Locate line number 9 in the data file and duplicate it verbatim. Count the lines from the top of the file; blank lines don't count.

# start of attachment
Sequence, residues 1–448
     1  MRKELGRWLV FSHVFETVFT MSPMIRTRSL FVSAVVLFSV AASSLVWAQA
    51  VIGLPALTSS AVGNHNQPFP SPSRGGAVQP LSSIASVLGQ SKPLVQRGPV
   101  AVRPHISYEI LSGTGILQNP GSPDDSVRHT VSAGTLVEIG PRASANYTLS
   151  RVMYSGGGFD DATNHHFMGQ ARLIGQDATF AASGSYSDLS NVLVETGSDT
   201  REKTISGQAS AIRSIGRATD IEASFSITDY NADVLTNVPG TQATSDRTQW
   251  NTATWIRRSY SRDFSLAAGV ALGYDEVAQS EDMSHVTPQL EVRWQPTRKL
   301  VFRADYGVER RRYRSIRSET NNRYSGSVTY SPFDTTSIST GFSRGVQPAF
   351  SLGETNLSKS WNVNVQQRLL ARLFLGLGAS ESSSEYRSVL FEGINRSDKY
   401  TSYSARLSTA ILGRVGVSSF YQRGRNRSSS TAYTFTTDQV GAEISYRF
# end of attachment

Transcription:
   351  SLGETNLSKS WNVNVQQRLL ARLFLGLGAS ESSSEYRSVL FEGINRSDKY